- On October 19, 2017
In the competitive nature of business and industry the “Sirens of Litigation” are encountered during the lifespan of many companies and firms. However, the enticement of pursuing such business disputes can come at a significant expense to any company. The financial cost surfaces in attorney fees, expert witness or consultant fees, and court fees. The temporal cost arises from the typical multi-year cycle of such cases during which the company must dedicate its personnel to participate in time consuming litigation support, document retention/review, and testimony. Moreover, the tides of any court system can drown litigants in various pre-trial settlement programs which further delay the time to trial. Therefore, the pursuit of any case comes at a weighty expense, both in time and money, for a company.
From this reality a business, including its executive management and equity owners, is well advised to consider and institute best practices for litigation avoidance to prevent, or at least limit, exposure to lawsuit liability or incurring damage loss. Litigation avoidance should be approached from multiple angles. Below are some concepts and policies any business, whether a publicly traded company or a closely held corporation or smaller family partnership, would be prudent to implement to steer the company away from the horizon of any lawsuit:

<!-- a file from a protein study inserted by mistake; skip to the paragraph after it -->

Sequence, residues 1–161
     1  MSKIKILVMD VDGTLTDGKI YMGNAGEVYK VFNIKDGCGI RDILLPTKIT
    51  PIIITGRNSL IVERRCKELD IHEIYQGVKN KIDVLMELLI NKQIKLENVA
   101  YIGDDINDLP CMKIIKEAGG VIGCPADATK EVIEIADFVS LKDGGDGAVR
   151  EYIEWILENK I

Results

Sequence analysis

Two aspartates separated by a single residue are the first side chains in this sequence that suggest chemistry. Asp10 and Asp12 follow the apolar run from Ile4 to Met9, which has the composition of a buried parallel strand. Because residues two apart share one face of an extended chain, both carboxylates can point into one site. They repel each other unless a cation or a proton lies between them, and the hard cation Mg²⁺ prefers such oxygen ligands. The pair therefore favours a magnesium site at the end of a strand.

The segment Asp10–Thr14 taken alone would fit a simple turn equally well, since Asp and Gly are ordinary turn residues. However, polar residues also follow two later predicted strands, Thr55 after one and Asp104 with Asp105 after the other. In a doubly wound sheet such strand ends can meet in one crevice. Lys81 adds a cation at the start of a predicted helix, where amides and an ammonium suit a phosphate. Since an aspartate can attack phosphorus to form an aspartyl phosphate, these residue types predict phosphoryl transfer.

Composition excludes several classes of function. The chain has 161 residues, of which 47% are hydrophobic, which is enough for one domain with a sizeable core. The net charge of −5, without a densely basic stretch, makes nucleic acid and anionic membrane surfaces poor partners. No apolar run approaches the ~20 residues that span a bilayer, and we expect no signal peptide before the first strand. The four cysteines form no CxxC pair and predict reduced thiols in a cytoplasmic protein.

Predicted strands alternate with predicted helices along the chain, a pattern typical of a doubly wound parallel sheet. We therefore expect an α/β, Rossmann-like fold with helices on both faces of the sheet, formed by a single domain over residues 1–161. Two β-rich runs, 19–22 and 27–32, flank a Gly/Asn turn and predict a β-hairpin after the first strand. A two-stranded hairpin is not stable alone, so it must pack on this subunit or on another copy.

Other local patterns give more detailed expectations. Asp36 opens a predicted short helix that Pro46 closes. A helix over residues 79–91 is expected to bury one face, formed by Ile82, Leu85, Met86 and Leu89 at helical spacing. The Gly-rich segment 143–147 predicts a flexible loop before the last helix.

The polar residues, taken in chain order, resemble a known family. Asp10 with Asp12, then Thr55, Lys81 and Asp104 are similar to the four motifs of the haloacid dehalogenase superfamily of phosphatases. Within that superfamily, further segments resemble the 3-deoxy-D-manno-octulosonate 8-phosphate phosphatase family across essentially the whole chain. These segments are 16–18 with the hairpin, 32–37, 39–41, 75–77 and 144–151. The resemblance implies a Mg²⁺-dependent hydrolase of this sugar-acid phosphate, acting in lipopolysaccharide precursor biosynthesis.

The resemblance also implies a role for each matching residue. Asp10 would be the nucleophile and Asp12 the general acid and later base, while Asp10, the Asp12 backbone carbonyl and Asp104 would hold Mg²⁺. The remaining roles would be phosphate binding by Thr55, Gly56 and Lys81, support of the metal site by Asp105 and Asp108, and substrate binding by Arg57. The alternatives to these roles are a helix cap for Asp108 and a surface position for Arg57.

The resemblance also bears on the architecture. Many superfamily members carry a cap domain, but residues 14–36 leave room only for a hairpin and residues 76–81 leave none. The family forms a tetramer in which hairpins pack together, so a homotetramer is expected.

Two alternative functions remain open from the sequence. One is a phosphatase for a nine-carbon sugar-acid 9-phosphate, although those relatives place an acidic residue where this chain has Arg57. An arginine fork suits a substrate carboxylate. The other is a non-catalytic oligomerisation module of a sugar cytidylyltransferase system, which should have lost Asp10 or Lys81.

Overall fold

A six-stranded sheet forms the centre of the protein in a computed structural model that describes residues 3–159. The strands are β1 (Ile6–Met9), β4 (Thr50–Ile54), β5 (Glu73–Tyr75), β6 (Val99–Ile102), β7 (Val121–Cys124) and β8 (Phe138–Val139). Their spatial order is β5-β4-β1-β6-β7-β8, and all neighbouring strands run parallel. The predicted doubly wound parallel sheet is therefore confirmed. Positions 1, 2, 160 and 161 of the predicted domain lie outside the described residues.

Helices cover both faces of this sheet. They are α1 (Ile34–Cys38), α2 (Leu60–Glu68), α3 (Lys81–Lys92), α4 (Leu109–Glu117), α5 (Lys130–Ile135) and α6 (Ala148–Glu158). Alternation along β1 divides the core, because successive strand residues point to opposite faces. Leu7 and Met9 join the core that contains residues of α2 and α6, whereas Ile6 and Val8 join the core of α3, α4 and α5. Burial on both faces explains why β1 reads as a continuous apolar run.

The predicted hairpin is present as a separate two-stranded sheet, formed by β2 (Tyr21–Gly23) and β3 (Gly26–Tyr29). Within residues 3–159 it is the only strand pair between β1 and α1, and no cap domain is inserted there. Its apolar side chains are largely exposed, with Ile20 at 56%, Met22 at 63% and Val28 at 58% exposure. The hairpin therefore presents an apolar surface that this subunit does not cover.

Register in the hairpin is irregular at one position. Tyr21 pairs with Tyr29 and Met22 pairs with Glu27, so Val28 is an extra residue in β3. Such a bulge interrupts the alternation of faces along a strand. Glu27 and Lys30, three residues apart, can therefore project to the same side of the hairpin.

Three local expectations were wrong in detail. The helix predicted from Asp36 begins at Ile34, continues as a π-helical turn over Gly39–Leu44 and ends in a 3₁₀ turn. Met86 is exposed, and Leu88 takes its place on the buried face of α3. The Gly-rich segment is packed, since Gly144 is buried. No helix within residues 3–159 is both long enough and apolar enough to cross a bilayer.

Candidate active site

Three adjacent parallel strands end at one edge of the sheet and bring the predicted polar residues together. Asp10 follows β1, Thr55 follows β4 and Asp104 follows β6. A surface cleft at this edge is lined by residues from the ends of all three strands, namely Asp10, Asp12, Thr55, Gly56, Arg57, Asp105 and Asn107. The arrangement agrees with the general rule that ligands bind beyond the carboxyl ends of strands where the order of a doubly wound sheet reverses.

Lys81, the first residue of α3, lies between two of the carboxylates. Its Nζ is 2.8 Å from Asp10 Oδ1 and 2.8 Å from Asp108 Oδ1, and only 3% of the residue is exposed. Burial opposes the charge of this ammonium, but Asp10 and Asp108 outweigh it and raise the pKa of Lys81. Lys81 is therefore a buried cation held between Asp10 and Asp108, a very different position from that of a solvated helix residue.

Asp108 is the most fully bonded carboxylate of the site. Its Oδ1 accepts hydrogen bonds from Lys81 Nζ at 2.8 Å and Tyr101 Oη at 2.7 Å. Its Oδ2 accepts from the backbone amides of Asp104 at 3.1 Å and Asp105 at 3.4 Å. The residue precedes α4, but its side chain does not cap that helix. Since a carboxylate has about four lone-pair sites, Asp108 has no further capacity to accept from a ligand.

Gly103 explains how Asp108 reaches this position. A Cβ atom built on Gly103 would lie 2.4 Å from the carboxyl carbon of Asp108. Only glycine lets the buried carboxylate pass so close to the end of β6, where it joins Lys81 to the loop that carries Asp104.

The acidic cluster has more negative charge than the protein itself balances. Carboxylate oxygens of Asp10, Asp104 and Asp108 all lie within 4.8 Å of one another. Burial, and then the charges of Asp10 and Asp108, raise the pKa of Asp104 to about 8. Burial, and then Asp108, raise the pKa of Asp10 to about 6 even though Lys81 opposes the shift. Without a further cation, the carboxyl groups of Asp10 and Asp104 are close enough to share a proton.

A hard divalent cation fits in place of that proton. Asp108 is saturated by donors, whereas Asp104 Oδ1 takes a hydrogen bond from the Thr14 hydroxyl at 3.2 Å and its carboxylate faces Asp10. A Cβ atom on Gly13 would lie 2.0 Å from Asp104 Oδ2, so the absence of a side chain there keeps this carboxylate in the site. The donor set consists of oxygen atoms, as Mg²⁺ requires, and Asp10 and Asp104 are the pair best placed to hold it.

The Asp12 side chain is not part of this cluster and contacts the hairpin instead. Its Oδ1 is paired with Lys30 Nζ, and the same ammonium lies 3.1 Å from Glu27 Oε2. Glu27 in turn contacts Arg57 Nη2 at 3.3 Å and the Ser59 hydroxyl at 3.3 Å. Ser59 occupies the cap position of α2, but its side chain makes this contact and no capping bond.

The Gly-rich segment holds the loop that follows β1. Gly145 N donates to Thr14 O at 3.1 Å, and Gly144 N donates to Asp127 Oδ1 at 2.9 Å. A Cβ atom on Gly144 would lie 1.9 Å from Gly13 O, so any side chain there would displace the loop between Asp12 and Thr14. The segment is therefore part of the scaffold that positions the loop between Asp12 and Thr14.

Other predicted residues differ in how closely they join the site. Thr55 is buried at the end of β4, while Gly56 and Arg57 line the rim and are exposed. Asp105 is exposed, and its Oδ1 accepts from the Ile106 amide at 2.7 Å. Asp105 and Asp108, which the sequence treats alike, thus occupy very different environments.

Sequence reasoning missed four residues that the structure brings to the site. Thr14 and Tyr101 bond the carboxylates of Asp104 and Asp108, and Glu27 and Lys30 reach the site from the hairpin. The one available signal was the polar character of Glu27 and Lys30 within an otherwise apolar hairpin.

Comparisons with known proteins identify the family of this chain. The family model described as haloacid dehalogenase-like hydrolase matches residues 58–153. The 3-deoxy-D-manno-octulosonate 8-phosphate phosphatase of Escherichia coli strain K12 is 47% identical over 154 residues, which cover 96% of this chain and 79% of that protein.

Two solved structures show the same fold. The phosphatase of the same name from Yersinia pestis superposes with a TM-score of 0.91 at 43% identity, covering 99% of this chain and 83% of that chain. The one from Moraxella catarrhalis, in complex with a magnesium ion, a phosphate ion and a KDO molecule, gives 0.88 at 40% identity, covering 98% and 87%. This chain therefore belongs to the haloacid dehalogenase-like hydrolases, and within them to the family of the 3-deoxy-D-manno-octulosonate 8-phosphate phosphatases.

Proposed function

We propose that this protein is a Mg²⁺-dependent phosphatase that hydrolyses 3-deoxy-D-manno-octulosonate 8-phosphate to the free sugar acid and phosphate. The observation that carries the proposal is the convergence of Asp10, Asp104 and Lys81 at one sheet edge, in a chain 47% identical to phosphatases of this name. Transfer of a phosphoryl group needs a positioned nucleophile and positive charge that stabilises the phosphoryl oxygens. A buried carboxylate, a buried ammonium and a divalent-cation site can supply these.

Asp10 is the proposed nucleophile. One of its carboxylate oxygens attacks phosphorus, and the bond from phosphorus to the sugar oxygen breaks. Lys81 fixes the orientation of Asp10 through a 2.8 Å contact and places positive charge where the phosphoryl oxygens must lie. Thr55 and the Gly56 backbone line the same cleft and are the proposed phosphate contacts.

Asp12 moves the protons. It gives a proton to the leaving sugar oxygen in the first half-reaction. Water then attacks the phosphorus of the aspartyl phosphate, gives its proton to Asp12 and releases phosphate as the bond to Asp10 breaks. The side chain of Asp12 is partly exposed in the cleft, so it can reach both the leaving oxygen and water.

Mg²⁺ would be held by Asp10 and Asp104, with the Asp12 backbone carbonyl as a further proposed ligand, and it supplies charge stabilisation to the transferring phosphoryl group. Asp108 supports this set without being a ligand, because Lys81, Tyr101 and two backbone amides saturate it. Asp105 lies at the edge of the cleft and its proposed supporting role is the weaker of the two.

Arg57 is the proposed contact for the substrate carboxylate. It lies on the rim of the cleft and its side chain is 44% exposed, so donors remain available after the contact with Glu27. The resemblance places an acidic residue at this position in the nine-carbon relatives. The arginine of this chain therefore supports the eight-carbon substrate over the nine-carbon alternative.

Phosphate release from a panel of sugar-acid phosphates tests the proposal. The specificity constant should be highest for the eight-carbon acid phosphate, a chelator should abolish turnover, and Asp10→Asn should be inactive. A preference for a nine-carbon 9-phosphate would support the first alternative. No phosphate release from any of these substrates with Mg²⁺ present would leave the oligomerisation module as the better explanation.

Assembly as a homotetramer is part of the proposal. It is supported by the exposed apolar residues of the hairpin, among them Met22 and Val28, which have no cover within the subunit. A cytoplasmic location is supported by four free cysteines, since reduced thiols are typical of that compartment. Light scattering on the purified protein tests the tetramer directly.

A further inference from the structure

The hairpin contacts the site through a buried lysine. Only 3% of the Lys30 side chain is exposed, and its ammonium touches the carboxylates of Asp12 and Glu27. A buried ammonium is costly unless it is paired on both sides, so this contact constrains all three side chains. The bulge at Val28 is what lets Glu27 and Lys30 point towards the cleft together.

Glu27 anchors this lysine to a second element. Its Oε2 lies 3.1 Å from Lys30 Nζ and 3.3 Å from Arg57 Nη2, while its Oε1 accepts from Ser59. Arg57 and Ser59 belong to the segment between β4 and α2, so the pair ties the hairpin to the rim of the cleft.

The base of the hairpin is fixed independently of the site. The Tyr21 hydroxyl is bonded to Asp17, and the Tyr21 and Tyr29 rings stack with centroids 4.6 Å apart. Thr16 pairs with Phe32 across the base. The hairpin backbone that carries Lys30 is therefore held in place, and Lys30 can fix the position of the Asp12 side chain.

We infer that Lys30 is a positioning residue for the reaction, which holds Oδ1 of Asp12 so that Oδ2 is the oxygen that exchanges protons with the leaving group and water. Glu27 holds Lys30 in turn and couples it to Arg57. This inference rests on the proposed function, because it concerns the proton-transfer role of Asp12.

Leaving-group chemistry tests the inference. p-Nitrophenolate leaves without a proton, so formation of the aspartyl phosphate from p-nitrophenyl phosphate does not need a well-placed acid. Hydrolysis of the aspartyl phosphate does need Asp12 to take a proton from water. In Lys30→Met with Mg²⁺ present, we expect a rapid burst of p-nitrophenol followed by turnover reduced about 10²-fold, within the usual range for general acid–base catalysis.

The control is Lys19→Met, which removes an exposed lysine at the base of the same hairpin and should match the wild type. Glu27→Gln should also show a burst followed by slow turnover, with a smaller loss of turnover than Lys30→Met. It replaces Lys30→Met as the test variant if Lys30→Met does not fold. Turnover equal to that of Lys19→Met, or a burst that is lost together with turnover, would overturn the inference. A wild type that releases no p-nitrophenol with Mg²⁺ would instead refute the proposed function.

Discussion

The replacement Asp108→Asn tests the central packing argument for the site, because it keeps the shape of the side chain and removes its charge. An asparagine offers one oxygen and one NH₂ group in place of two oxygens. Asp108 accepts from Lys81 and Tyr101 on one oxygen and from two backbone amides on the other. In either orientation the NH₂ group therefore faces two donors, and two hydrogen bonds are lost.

- Regular review of all form contracts, documents or written agreements to assure the company’s interests are protected against liability exposure, as well as to preserve the contractual right to recover attorney fees as an element of damages in any contractual breach litigation;
- Regular review of all form contracts or written agreements to assure compliance with applicable state and federal statutes and regulations to assess and avoid liability risk for each jurisdiction in which the company operates;
- Conduct internal insurance audits with the assistance of legal counsel and an insurance broker to confirm the company is fully insured in sufficient risk limits, and is adequately insured against all foreseeable liability risks depending on the company’s line of business;
- Consistently follow proper corporate form by conducting regular officer/ director meetings, as well as shareholder/partner meetings, and memorialize all decisions and resolutions of the Board of Directors or Management Committee in the company’s records;
- Frequently review and update Employee Handbooks and Manuals, employment policies and procedures, and corporate policies;
- Adopt internal risk assessments through due diligence review procedures for any customers, clients, vendors or contractors to ascertain litigation history, creditworthiness, and financial viability or debt risk.
These are only a few examples of litigation avoidance practices a company may consider to prevent liability exposure when competing in an aggressive, combative and zealous commercial marketplace or industry. Legal counsel, as well as financial and insurance professionals, should be engaged and consulted with when developing and reviewing such policies and practices.
While it is true an ounce of prevention is always worthwhile, in the arena of business litigation the appropriate avoidance practices can reap immeasurable benefits to a company.